Crafts Conference in New Zealand

This has just appeared:

Korero a te whatu - The Persuasive Object

jewellers, ceramicists, fibre artists, sculptors, glass workers, potters,
architects, painters, furniture designers, product designers, graphic
designers, theorists, historians, educators, collectors, creators…

16-19 April 1998
UNITEC, Institute of Technology

The Arts Board of Creative New Zealand has initiated a major direction
setting conference to debate the state of crafts in New Zealand and plan for
their future development. This initiative follows a wide consultation with
artists and crafts organisations. Unitec has been contracted to develop and
manage the conference in association with Creative New Zealand, supported by
a national steering committee of seven crafts practitioners and

Korero a te whatu - the persuasive Object

is an international conference addressing the future of the crafts in
Aotearoa, preceded by a series of practical workshops led by outstanding
exponents of contemporary craft. It will bring together craft practitioners,
writers, curators and academics from many disciplines to formulate joint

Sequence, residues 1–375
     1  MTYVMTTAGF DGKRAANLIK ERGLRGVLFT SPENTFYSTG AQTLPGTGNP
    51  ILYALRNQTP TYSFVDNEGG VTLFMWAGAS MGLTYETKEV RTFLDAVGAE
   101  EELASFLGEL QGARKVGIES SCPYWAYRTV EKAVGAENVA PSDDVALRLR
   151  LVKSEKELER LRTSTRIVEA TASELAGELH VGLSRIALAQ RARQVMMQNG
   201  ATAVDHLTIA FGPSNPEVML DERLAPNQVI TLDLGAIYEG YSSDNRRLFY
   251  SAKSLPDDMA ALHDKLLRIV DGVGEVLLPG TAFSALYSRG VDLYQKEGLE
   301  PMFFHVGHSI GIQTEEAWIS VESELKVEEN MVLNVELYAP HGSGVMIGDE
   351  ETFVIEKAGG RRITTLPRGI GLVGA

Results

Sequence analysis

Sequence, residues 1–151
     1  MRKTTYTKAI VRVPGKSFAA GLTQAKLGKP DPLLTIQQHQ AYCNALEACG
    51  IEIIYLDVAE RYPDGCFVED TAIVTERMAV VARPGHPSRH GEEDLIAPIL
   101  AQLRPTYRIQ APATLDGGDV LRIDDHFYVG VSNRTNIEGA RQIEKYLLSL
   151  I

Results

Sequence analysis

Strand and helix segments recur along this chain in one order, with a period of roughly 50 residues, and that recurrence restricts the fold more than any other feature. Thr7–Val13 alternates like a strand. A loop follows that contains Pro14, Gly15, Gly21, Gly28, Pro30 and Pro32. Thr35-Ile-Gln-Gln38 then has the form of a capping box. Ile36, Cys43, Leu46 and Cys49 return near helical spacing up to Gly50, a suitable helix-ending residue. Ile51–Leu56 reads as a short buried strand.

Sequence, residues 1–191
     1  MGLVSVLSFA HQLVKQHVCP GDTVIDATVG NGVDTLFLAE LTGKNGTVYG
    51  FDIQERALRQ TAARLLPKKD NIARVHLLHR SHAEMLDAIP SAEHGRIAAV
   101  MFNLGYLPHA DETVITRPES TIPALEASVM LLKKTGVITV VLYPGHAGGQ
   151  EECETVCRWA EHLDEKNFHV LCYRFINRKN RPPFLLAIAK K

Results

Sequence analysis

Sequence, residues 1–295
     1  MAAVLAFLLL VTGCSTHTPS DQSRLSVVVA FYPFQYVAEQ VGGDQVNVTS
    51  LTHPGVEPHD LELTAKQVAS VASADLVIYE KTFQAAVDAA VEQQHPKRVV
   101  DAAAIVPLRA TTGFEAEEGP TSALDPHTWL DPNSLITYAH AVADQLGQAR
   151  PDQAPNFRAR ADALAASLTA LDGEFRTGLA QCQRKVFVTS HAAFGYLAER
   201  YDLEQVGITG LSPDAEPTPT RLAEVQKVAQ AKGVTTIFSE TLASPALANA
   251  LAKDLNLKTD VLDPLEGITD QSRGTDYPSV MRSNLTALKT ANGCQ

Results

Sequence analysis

approaches to the next century of craft activity in Aotearoa.

Korero a te whatu - the persuasive Object

will focus on the interaction of innovation and tradition and how this might
lead to the emergence of new visions of craft. International participants
will join New Zealand contributors in examining how contemporary definitions
of craft have been informed by a series of allusions to design, the fine arts
and many cultural practices. These issues will be discussed with particular
reference to contemporary practice, museological display, mass production,
theoretical discourse, cultural tourism and education. The Korero a te whatu

  • the persuasive Object conference and workshops will locate the indigenous
    crafts of the Pacific within an international context and will centrally
    address the role of the makers, objects and exhibitions which define craft.

Responses in the form of paper might address questions such as:

  • What role has craft played in the formation of national identities?
  • How have developments in design and manufacturing brought a new dimension to the crafts?
  • What relevance does a modernist vision of craft as a laboratory for design hold today?
  • How has the provision of tertiary training in the crafts impacted?
  • Is academia attempting to capture the crafts?

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B r i a n � A d a m J e w e l l e r y E y e w e a r �
@Brian_Adam1 ph/fx +64 9 817 6816 NEW ZEALAND NEXT - Queenstown Mar11 to Mar18 1998 across the bench from me